New York-based KKR said Wednesday that AUM was $55.5 billion for third quarter ended September 30, up from $50.4 billion for the same time period in 2009. Economic net income (ENI)—which represents income from fees, investment income minus expenses and gains on investments– dropped by 61.4% to $317.3 million for the quarter. KKR said the drop “reflects lower levels of appreciation of KKR’s private equity portfolio when compared to the prior period,” according to a statement. The firm said that while the fair value of its investments increased in third quarter, the amount of net unrealized gains was lower than in 2009.
The $317 million ENI was well below the $511 million expected by Michael Kim, Sandler O’Neill’s associate director of research. Kim, in a research note, said KKR’s after-tax ENI per unit was 34 cents a share, missing his estimate of 72 cents and the consensus of 50 cents.
“The miss was entirely driven by lower than expected investment income, as fee related earnings of $70 million were actually 18% ahead of our $59 million forecast, driven primarily by higher fees,” Kim said in the note.
KKR as of Sept. 30 had $1.1 billion of available cash and about $760 million of debt. Employee compensation and benefits rocketed by 272% to $331.2 million for the quarter, compared to $58.6 million in 2009. Fee related earnings rose 3.7% to $69.5 million for the quarter.
KKR’s private equity funds invested $350 million in the third quarter, down from the $1.1 billion invested in the second quarter. KKR’s uncalled commitments, from several of its PE funds and vehicles, now stand at roughly $12.5 billion.
“Despite somewhat disappointing 3Q10 results, we still think fundamentals are improving across deal activity/fundraising, and management remains committed to further diversifying the business,” Kim wrote in the note.
On a conference call, KKR executives said the high yield market has improved. Dividend refinancings have also returned, which is typically an indicator of a strong market. However, IPOs continue to be uncertain, said Scott Nuttall, a KKR member that heads the firm’s global capital and asset management group. “While we feel things are a lot better than they were a year ago, we still have a long way to go,” Nuttall said.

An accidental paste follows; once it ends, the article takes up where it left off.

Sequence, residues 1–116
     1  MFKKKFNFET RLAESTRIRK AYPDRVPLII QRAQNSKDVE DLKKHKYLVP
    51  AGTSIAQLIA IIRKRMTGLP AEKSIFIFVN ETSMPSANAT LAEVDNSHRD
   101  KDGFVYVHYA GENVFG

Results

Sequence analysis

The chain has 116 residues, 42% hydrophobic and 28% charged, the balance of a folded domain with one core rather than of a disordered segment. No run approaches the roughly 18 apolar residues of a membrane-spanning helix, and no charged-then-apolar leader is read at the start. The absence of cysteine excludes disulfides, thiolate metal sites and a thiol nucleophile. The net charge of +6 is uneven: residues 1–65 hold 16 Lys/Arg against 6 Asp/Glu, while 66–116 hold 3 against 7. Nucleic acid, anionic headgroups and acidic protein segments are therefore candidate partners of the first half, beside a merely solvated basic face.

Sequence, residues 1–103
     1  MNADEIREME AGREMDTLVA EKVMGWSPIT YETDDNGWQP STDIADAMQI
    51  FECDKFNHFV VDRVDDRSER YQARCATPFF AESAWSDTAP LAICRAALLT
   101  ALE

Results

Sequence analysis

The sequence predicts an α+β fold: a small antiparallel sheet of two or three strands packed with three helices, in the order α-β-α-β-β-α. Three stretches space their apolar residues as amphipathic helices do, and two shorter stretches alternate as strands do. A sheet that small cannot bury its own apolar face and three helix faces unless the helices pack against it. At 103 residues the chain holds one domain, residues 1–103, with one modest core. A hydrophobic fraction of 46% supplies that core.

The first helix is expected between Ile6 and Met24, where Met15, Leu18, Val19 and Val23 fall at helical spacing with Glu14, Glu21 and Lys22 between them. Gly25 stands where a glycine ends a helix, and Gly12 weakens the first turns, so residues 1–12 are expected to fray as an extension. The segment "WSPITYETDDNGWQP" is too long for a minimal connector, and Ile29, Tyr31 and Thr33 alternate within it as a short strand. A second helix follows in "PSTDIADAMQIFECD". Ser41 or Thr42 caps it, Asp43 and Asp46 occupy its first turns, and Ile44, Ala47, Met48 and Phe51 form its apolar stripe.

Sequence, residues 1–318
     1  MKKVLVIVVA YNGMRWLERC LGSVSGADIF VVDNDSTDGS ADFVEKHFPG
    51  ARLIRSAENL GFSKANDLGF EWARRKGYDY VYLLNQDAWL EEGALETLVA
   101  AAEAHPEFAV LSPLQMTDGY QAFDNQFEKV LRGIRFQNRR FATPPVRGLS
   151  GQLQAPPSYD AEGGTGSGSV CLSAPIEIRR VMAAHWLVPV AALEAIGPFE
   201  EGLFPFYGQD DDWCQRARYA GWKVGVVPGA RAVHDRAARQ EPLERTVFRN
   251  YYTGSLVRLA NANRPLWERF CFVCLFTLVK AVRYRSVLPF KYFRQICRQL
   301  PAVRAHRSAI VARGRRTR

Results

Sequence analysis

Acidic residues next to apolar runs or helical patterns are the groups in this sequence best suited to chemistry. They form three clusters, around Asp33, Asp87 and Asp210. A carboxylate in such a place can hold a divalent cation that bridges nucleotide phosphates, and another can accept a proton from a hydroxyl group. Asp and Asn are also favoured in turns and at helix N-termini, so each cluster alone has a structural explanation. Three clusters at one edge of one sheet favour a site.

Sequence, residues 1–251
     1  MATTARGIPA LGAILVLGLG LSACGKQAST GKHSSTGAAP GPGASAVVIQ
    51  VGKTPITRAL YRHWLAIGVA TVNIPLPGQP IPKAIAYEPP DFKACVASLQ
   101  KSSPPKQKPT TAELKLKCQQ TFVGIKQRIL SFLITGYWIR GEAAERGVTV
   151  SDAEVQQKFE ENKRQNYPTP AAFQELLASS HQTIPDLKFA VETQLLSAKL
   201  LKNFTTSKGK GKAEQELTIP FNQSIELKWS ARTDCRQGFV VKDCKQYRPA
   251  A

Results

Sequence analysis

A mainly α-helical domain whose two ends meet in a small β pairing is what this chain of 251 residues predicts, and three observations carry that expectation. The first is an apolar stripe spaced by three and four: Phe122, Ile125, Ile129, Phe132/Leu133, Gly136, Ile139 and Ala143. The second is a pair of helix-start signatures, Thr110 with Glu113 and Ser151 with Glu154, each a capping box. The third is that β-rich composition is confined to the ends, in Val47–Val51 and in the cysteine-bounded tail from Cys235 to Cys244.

KKR did not disclose how big their next North American fund would be but that fundraising would start in earnest in early 2011. The firm’s last North American fund raised $17.6 billion in 2006 and about 70%, or $12.7 billion, has been invested. KKR is currently fundraising for its China growth fund, which has so far raised $700 million. The pool is expected to reach $1 billion by the end of the year, the execs says.
“We’re seeing a much improved fundraising market relative to a year ago,” Nuttall said. “Still, institutional investors are cautious.”
The PE firm has been active in deals and has about $5 billion in dry powder to invest from its 2006 North America fund, executives said. KKR earlier this year acquired Pets At Home in the U.K. and invested in Coffee Day Resorts of India as well as Hilcorp Energy Property in Houston.
“We feel like we’ve been active,” Nuttall said. KKR, he said, has invested $2.2 billion in private equity for the first three quarters of the year. “We’re going to close, or have closed, about $2 billion in fourth quarter,” he said.
KKR has returned $2.4 billion of capital to LPs so far in 2010 and $3.4 billion since the beginning of 2009, execs said.
Last month, KKR was in talks to hire nine members of Goldman Sachs’s famed proprietary trading desk to form a new hedge fund. KKR execs said Wednesday that the Goldman traders will join in January. The business will be a third party business and KKR will likely seed the unit with a modest amount of capital, the executives said. KKR will begin talking with third party investors in the latter part of 2011, executives said.